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How to Be Selfish With Your Time, Without Being a Jerk

February 23, 2021 Alexandra Wieland

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I once read this line that really stuck with me: "You can live your life by disruption or by intention." Another way to perceive that is that you can either choose to be distracted or you can honor your time and own every moment.

You see, every person gets the same 24 hours a day to work and live the way they choose. Every day is a gift—a gift where we have total control of our time. Yet, so many of us still complain that we don't have enough time.

What kind of life do you want to live in and out of work? The way to achieve that lifestyle is to start being selfish (selfish, not reckless), while still being mindful of those around you. This means prioritizing yourself and your needs, so that you can show up as your best self every day. This could be considered especially critical in today’s climate with so many employees having the added pressure of performing well while working-from-home in some capacity. 

Here are a few ways to be selfish without being a total jerk:

How to Be Selfish With Your Time, Without Being a Jerk: Woman talking to another woman with pen and pad

Be Inflexible.

We all have goals, projects, and countless tasks we want to crush; however, it's the strategy for completing what we set out to do that often requires some flexibility. So when is it appropriate to be inflexible?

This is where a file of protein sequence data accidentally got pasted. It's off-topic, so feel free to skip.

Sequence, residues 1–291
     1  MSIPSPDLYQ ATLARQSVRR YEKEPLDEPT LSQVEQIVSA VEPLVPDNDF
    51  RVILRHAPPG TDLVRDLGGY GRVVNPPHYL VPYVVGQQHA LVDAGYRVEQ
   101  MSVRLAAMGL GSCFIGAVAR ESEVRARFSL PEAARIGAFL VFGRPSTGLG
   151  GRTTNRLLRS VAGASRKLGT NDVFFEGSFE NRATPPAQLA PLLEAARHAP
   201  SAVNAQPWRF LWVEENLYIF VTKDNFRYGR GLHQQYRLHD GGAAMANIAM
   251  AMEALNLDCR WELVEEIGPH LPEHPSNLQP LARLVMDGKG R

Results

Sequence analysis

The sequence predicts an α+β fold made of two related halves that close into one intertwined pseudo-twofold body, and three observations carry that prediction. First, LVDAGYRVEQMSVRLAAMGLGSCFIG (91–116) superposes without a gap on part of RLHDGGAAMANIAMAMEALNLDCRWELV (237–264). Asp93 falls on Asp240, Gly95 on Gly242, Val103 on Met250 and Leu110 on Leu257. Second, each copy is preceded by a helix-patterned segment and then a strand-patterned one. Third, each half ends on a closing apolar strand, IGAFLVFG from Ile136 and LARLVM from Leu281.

Michael Hyatt writes in one of his blogs that sabotaging our own success happens far too often.

For example, have you ever told yourself, "I will end my work day by 5pm,” only to allow yourself to be derailed by an "emergency" or a self-enforced deadline?

Breaking your own boundaries time and again is guaranteed to leave you stressed, disappointed, and less productive. Define your non-negotiables by asking yourself: What am I committed to today, no matter what?

You have one life. If you declare 5pm your cut-off, honor it! Think of who is missing the opportunity to spend more time with you or what commitment you're de-prioritizing for the sake of another hour or two.  As an old mentor once told me, "The work will still be there tomorrow." Use those moments to be inflexible. 

How to Be Selfish With Your Time, Without Being a Jerk: Woman looking at post-it notes on a glass wall

Recognize that not everything is important.

You might argue that hard boundaries haven't or won't work for you. Consider how you think about the way you structure your work schedule and personal commitments. When it comes down to it, is everything you say "yes" to a true priority?

In Greg McKeown's book, Essentialism, he explains the power of pursuing less to achieve more, explaining that you have to make trade-offs to be successful. This is especially vital when you account for all of the distractions that partial or entirely remote work can present.